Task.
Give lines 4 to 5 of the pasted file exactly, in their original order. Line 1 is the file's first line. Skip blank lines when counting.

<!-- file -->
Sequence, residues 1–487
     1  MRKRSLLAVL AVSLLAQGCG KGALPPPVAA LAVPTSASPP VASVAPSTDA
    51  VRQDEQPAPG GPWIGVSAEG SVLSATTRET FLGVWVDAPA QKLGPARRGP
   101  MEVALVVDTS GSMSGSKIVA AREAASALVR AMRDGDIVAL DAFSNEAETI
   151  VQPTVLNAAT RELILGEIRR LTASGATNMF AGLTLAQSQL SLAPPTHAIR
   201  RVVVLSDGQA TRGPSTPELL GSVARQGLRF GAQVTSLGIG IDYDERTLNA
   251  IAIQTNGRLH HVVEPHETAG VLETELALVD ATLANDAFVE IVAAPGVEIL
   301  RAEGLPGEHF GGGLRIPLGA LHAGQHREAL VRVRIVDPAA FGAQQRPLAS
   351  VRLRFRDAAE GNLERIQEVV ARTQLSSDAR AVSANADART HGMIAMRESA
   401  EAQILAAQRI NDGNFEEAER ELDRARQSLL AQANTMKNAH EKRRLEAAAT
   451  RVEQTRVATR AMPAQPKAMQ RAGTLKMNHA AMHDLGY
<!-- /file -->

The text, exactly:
   101  MEVALVVDTS GSMSGSKIVA AREAASALVR AMRDGDIVAL DAFSNEAETI
   151  VQPTVLNAAT RELILGEIRR LTASGATNMF AGLTLAQSQL SLAPPTHAIR